A Guide to Women in Canadian History

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Thérèse Casgrain and the Voice of Women in Quebec, 1961

Thérèse Casgrain (1896-1981) was born in Montreal, and became a leader in the battle to get Quebec women the right to vote in provincial elections. She was also a notable reformer who sought to achieve world peace and an end to nuclear weapons. In 1961 she founded the Quebec Branch of an organization called the Voice of Women, and was elected president of this branch. Senator Marianna Jodoin became the honorary president. As outlined in the following text about the growth of the VOM, the group wanted to achieve "Construction, not destruction."

Casgrain 1961
Thérèse Casgrain, 1961

The Voice of Women (La voix des femmes) was formed by Canadian women anxious about the threat of nucelar war. The organization soon had 6000 members across the country and worked to encourage disarmament. Among the earliest supporters of VOM was Mrs. Lester Pearson, though she resigned in 1962 following newspaper allegations that it was a communist organization and political in nature. In addition to its educational campaigns, conferences and meetings, VOW also lobbied federal and provincial governments.

In March 1961 Thérèse Casgrain participated in a trip made by a delegation of VOW members from Montreal to Ottawa in March 1961. The members presented a brief to Prime Minister John Diefenbaker. Thérèse Casgrain explained that though there was nothing really new in the document, the 400 women involved wanted to ensure that the federal government realized Canadians were well-informed about the issues related to peace and disarmament.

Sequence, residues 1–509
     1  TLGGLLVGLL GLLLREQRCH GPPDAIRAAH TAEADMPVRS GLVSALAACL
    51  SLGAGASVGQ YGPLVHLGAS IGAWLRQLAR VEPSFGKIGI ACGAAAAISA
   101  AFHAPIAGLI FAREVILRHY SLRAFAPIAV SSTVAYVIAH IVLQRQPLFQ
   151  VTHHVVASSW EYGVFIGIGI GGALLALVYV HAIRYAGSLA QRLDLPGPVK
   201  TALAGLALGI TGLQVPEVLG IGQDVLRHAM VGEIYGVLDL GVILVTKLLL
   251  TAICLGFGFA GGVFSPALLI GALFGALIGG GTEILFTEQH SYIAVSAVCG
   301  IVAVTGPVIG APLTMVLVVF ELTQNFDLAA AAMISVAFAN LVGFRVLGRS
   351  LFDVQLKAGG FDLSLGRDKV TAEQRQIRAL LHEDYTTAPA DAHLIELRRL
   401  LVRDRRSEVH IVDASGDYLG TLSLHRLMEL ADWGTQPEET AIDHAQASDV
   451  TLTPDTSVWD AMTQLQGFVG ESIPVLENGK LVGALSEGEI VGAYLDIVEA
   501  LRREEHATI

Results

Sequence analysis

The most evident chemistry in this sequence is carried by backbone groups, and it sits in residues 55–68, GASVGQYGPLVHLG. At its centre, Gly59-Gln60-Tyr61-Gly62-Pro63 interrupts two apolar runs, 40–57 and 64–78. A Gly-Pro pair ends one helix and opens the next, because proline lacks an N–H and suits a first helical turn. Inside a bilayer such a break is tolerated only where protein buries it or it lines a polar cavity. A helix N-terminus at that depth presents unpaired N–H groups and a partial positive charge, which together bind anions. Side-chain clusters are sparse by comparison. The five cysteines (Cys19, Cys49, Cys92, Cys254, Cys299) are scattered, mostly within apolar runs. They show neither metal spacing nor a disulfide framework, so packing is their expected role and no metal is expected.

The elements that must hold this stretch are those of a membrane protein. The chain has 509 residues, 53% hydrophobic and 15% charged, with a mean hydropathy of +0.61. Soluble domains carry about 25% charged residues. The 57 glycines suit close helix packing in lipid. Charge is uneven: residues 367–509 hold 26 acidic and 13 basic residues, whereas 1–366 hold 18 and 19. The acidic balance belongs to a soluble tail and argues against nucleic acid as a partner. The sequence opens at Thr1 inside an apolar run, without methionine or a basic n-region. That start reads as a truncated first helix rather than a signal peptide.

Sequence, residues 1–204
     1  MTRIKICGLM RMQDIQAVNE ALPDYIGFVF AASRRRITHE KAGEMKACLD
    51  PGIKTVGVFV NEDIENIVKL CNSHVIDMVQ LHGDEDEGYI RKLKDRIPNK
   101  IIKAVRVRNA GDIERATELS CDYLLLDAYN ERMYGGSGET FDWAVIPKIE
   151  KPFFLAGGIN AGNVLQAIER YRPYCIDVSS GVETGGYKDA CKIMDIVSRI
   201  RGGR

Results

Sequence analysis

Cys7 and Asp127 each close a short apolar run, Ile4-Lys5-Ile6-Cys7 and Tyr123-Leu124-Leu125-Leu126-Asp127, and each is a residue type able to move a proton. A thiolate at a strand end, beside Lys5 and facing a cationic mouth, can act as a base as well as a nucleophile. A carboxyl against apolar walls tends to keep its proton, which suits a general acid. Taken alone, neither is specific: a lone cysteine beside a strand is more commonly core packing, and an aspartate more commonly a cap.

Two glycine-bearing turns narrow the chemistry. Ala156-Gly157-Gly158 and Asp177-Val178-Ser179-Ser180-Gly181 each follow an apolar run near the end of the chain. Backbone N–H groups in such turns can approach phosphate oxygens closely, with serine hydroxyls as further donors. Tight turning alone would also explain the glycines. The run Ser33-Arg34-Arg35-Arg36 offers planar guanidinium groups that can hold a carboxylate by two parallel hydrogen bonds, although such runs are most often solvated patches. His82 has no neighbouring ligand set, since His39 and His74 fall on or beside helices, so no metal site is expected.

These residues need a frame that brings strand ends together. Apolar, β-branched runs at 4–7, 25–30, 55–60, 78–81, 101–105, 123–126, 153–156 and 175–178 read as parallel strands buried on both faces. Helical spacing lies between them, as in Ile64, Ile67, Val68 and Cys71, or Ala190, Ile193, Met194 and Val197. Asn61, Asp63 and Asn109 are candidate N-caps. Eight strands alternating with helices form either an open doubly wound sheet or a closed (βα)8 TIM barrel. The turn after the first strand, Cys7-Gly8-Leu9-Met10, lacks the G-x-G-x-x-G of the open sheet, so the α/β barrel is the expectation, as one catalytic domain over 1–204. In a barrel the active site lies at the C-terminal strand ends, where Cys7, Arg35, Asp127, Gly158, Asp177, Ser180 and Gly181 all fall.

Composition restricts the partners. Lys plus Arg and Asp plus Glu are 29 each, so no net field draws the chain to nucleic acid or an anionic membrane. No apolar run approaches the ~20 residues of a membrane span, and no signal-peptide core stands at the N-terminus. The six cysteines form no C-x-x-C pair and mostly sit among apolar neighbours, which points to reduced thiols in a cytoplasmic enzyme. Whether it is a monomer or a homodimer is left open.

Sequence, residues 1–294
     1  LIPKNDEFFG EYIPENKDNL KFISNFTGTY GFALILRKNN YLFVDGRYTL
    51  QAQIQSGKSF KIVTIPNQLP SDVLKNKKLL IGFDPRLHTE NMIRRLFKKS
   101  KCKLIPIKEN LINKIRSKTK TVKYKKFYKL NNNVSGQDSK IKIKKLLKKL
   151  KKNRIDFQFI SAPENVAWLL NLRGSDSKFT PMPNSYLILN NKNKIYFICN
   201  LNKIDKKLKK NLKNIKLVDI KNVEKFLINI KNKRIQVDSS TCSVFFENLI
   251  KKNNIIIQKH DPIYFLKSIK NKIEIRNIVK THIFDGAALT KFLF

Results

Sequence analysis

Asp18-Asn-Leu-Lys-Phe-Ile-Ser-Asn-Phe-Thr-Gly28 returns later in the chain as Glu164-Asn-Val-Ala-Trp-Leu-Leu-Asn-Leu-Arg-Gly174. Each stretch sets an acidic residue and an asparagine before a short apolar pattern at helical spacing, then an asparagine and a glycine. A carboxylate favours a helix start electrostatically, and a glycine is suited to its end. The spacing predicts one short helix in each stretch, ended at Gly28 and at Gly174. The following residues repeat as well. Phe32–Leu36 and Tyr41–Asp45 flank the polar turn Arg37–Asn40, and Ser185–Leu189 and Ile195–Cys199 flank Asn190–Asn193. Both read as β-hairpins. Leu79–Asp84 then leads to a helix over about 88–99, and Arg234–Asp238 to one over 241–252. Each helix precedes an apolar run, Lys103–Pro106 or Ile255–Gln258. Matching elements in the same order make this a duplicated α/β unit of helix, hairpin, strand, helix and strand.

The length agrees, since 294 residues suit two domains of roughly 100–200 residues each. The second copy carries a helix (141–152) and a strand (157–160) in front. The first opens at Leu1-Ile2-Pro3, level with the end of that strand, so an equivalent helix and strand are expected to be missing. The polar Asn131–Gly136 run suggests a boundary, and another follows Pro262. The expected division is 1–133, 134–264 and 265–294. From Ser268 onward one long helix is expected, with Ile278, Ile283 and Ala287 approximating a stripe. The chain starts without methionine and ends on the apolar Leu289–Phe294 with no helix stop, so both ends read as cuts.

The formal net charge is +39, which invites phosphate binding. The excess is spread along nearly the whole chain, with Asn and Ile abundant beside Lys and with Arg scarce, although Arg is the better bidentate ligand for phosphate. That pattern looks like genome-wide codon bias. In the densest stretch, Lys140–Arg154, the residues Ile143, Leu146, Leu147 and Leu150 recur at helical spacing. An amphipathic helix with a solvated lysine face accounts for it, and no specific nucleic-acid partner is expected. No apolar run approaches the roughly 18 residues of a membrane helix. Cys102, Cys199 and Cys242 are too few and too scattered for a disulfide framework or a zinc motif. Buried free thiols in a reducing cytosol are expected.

The Prime Minister and five cabinet ministers met the women in the Railway Committee Room on Parliament Hill. The delegates also visited their respective members of parliament before returning to Montreal. The visit was covered widely by newspapers, radio and television.

An account of the creation of the Voice of Women in Quebec, 1960
Source: Library and Archives Canada, MG 32 C25 vol. 10

Casgrain text
Excerpt from the autobiography of Thérèse Casgrain (Library and Archives Canada, MG 32 C25 vol. 10)

More about Thérèse Casgrain:

  • Read about this Canadian heroine in the book 100 Canadian Heroines: Famous and Forgotten Faces by Merna Forster (Toronto: Dundurn Press, 2004).

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